Partial Views in Rails: Keeping it DRY!

October 30, 2015 By 0 Comments

Next up is being able to render partials in a view. In short, a lump of display logic can be separated out from the view and reused as required. This may be useful for pages that repeat a particular element. For example, you may want to have a rotating “Quick Tip!” message on multiple pages, but don’t want to copy the code onto each page’s view to do so.

Filenames should start with an underscore ( _), and end in the usual .html.erb  extension the rest of your views use.

There are two main ways of doing this, one of them creates a global partial that’s usable anywhere, as if it were local, and the other creates a local partial that can be accessed by views in the same controller. It should be noted that you can access these “local” partials by specifying a path to them (e.g. '../tasks/_partial.html.erb'), even from other controllers’ views.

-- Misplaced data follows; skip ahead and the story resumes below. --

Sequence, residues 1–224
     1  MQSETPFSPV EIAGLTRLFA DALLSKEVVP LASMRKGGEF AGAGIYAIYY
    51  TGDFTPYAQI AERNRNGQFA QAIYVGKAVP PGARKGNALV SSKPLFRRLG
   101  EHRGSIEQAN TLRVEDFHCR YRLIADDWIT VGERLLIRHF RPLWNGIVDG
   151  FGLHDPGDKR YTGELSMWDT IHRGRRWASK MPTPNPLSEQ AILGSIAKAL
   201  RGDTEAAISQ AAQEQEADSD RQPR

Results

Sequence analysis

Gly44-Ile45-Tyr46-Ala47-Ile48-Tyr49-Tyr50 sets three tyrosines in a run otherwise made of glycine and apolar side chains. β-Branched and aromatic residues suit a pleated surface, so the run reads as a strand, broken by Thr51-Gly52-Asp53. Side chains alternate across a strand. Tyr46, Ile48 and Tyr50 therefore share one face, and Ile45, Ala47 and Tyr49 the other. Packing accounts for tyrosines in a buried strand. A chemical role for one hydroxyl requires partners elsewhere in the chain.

In your app/views folder, create a new folder named application. In this create a new file and name it _tip.html.erb. (If you want a local partial, just create the file in your controller’s view folder instead!) This will contain your reusable code, for example:

Next, in order to display this in your views, go to your view file, and pass the location as a parameter to render:

Note that we don’t need the underscore we used in the filename, Ruby knows what we mean. But it does show us that it’s not a view that’s used directly, and will only be included as a partial view within others.

I know this example was pretty simple, but it should help.